Mariano Azuela

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Other literary forms

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Apart from his long fiction, Mariano Azuela (ahs-WAY-lah) also tried his hand at theater and biography. He wrote three plays, Los de abajo, a dramatization of the novel of the same title that had its premiere in 1929; Del Llano Hermanos, S. en C., based on Los caciques and staged in 1936; and El búho en la noche (pb. 1938), based on El desquite, which never reached the stage. He also wrote biographies: Pedro Moreno, el insurgente (1932) and El padre Don Agustín Rivera (1942). All these works were made available in volume 3 of Azuela’s complete works, put out by the Fondo de Cultura Económica in Mexico City in 1960. Some of Azuela’s novels have made their way to the big screen, but it was only the film version of Los de abajo (1940), directed by Chano Ureta, with musical accompaniment by Silvestre Revuelta and camera work by Gabriel Figueroa, which met with any real acclaim.

Achievements

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Mariano Azuela’s masterpiece, Los de abajo (The Underdogs), is an important work on the Mexican Revolution. Though largely unrecognized by the literary establishment in his early years, Azuela was showered with literary honors in later life. He was awarded the Premio de Letras by the Ateneo Nacional de Ciencias y Artes in 1940, and he became a member of the Seminario de Cultura Mexicana and of the Academia de la Lengua in 1942. He was one of the founding members of the Colegio Nuevo in 1943.

Bibliography

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Griffin, Clive. Azuela: “Los de abajo.” London: Grant and Cutler, 1993. An excellent study of Azuela’s masterpiece The Underdogs, with separate chapters on the historical backdrop to the Mexican Revolution as well as on realism, characterization, and structure.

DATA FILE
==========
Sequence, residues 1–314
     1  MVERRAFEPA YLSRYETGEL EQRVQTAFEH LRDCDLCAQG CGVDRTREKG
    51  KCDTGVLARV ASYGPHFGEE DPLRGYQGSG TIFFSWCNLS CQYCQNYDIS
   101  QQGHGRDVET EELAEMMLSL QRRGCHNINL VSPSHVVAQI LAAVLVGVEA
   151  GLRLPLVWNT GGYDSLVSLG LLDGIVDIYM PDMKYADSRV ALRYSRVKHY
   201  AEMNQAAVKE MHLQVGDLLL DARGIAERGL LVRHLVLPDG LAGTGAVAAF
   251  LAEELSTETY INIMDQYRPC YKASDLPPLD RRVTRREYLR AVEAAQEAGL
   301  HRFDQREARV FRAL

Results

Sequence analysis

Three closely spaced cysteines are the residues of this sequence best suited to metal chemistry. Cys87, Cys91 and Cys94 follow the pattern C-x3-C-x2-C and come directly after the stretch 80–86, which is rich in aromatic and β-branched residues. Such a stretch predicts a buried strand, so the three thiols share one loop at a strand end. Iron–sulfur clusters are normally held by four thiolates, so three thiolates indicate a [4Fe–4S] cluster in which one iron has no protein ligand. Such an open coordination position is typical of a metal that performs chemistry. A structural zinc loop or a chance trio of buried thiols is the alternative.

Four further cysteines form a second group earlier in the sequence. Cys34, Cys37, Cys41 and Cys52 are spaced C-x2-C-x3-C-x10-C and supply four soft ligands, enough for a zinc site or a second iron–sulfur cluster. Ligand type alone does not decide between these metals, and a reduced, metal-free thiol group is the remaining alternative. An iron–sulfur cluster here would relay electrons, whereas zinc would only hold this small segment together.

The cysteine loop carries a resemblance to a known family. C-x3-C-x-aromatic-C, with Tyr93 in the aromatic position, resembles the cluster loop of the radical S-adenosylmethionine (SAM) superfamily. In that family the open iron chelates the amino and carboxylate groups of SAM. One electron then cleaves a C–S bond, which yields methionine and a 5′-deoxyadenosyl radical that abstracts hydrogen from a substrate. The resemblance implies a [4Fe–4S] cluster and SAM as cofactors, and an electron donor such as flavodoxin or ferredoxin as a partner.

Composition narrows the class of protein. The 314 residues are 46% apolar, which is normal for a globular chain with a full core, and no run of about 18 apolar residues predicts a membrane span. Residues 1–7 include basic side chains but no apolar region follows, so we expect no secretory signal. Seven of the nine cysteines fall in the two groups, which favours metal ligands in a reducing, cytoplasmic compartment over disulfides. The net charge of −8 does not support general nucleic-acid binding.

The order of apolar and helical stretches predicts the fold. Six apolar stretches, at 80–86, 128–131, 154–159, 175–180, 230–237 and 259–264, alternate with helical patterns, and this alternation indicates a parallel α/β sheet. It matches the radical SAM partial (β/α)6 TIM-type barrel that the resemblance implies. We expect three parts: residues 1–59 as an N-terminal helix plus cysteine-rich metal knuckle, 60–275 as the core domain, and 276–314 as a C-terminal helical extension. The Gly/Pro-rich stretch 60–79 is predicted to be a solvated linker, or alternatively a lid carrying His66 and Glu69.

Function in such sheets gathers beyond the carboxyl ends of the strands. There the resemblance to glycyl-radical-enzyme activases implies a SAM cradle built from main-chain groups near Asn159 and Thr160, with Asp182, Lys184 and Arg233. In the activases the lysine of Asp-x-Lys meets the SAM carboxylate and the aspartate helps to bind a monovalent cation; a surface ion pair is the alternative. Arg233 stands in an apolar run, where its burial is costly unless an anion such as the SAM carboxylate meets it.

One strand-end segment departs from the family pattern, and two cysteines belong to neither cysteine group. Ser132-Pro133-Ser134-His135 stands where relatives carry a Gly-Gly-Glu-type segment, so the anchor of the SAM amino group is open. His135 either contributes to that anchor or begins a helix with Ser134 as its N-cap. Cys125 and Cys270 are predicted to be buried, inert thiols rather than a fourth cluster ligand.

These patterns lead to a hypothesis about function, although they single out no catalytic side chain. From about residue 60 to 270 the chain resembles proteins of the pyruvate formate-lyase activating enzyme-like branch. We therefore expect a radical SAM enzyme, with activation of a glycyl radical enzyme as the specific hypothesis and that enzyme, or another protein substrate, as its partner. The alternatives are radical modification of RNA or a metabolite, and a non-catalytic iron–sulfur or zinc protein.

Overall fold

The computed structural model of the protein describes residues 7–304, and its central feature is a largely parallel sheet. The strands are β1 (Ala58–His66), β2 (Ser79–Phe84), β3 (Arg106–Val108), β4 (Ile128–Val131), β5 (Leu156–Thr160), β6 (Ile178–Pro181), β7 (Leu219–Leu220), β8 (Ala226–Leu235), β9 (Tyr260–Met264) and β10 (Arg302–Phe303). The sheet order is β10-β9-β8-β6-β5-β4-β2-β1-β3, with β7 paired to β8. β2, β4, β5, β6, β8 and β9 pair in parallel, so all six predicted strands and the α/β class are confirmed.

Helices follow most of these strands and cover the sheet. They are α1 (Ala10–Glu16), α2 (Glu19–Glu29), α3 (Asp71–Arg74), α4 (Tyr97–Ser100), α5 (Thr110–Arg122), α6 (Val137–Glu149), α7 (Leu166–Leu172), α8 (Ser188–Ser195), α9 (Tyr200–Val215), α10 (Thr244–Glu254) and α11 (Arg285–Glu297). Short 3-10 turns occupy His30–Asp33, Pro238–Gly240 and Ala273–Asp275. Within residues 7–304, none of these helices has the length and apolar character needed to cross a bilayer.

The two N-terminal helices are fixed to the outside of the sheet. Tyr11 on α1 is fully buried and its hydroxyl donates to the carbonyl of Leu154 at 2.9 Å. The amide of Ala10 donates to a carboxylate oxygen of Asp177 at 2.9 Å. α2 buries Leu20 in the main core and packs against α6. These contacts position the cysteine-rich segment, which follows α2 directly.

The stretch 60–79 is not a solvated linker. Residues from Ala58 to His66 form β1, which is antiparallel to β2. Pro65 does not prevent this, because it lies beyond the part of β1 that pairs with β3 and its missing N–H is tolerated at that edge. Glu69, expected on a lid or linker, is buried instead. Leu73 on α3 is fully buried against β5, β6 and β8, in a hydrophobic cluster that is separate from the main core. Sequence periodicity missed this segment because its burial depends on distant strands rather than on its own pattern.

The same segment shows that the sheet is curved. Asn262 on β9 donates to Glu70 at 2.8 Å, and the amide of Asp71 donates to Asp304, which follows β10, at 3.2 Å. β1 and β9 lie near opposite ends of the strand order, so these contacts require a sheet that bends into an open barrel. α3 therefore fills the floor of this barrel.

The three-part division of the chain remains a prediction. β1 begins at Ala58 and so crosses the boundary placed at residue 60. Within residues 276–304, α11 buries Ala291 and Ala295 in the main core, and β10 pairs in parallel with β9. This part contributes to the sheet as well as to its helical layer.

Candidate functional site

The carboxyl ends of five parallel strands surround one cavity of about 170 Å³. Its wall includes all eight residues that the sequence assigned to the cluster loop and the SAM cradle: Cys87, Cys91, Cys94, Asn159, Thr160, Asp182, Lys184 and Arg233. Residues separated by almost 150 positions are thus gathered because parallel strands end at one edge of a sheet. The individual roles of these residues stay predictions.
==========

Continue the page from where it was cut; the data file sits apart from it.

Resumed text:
Herbst, Gerhard R. Mexican Society as Seen by Mariano Azuela. New York: Ediciones ABRA, 1977. Studies eight of Azuela’s novels and deduces his vision of Mexican society. Shows that although Azuela became embittered once Pancho Villa, whom he supported, was defeated, he nevertheless maintained a faith in the common person.

Leal, Luis. Mariano Azuela. New York: Twayne, 1971. Leal, a prominent scholar of Latin American literature, provides an overview of Azuela’s life and work with insightful comments on Azuela the person and Azuela the writer.

Martínez, Eliud. The Art of Mariano Azuela: Modernism in “La malhora,” “El desquite,” “La Luciérnaga.” Pittsburgh, Pa.: Latin American Literary Review, 1980. A study of Azuela’s lesser-known novels. Particularly good is the chapter on The Firefly, which discusses the novel chapter by chapter and shows how Azuela uses avant-garde techniques to enhance his message. Martínez argues that The Firefly is Azuela’s best novel.

Parra, Max. Writing Pancho Villa’s Revolution: Rebels in the Literary Imagination of Mexico. Austin: University of Texas Press, 2005. Focuses on The Underdogs and novels by other authors as well as on chronicles and testimonials written from 1925 to 1940 to examine how these works depicted Pancho Villa’s rebellion and either praised or condemned his style of leadership.

Robe, Stanley L. Azuela and the Mexican Underdogs. Berkeley: University of California Press, 1979. Compares the first version of The Underdogs, serialized in 1916, with its definitive version, published in 1920. Also provides a detailed picture of the two years of political unrest, 1914 and 1915, in which this novel is set.

Schedler, Christopher. “Mariano Azuela: Migratory Modernism.” In Border Modernism: Intercultural Readings in American Literary Modernism. New York: Routledge, 2002. Schedler compares the works of Mexican, Native American, and Chicano modernists with their European and Anglo-American counterparts. Concludes that Azuela and other writers who worked in the borderlands of Mexico and the United States produced a new type of literature that sought to modernize the “native” literary traditions of the Americas.

Sommers, Joseph. After the Storm: Landmarks of the Modern Mexican Novel. Albuquerque: University of New Mexico Press, 1968. The section on The Underdogs was the first to argue convincingly that Azuela’s novel focuses so much on the carnage and immediacy of the Mexican Revolution that he does not understand, or indeed reveal, its causes.

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